Reigel, D.H., Dallmann, D.E., Christman, N.T., Hamilton, L.H., Zuperku, E.J., Henschel, E.O., Larson, S.J., and Sances Jr, A. Physiological effects of electrotherapeutic currents in the primate and man. In Wageneder, F.M., and St. Schuy (Eds.), Electrotherapeutic Sleep and Electroanesthesia. Vol. II, Amsterdam, Excerpta Medica, Pp. 158-165, 1970.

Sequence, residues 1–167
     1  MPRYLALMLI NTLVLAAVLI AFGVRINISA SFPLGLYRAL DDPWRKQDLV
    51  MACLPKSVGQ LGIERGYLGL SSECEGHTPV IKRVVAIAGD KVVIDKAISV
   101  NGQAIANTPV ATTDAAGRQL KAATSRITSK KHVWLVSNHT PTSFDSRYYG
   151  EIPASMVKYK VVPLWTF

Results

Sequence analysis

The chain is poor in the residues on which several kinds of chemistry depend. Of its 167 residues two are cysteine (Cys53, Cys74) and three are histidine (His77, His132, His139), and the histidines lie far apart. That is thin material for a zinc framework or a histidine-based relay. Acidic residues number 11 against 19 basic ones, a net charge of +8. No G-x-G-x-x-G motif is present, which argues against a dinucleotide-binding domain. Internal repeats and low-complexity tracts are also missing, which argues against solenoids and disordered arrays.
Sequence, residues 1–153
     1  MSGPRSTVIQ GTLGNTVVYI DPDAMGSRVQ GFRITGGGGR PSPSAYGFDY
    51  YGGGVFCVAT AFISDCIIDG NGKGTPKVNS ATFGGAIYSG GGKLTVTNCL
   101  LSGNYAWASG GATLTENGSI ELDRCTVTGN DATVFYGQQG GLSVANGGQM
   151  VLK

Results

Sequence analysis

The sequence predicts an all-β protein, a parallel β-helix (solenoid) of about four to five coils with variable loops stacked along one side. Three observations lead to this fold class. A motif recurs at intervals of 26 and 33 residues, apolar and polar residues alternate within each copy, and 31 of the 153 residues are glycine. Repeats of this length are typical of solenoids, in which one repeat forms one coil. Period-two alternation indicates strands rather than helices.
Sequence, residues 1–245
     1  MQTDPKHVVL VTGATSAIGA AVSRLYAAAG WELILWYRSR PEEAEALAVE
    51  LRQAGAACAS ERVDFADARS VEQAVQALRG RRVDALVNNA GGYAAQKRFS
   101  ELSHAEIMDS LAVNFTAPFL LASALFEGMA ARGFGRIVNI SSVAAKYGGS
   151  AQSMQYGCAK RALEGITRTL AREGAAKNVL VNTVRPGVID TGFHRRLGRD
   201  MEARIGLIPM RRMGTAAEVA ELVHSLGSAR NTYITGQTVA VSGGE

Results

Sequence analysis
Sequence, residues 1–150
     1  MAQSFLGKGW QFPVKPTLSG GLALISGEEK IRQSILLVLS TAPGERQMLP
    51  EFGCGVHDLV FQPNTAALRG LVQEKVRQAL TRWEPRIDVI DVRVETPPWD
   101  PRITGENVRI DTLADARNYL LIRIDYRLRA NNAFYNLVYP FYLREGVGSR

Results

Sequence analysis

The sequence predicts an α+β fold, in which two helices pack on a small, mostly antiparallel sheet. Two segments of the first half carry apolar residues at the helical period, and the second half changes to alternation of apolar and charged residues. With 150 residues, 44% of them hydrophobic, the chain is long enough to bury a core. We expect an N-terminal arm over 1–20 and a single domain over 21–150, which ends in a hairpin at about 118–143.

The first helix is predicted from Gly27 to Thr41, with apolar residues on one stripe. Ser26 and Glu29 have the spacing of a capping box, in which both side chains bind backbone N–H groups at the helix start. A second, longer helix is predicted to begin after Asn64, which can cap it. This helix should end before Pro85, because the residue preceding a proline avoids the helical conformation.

Studies were completed on squirrel monkeys, macaque monkeys and 15 human volunteers. Measures studied were somatosensory evoked potentials, visual evoked potentials, electroretinograms, electrocorticograms, electromyographic potentials, electrocardiograms, respiratory rate, and gastric acid. For the animal studies pulse type currents from 2.5 to 80 Hz were used. For the human studies, pulsed currents of 100 – 200 A intensity and 5 Hz were used. They summarized: “Neurophysiologic, cardiorespiratory and gastric secretory physiology was observed in man and primate during CES. Visual and somatosensory evoked potentials were not significantly altered during and after CES in the primates. The EMG and ECG suggested changes compatible with relaxation in the primates. Respiration and EKG remained stable in both humans and primates. Total gastric acid output in primates is significantly reduced by CES. These studies suggest that CES may be of therapeutic value.”